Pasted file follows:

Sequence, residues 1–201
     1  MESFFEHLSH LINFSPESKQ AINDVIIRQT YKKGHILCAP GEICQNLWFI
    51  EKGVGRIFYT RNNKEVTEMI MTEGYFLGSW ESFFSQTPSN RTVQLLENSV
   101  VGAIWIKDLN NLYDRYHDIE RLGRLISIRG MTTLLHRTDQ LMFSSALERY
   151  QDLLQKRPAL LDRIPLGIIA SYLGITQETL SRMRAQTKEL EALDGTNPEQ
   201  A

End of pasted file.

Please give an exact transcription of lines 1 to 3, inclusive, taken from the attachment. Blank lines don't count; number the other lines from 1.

Sequence, residues 1–201
     1  MESFFEHLSH LINFSPESKQ AINDVIIRQT YKKGHILCAP GEICQNLWFI
    51  EKGVGRIFYT RNNKEVTEMI MTEGYFLGSW ESFFSQTPSN RTVQLLENSV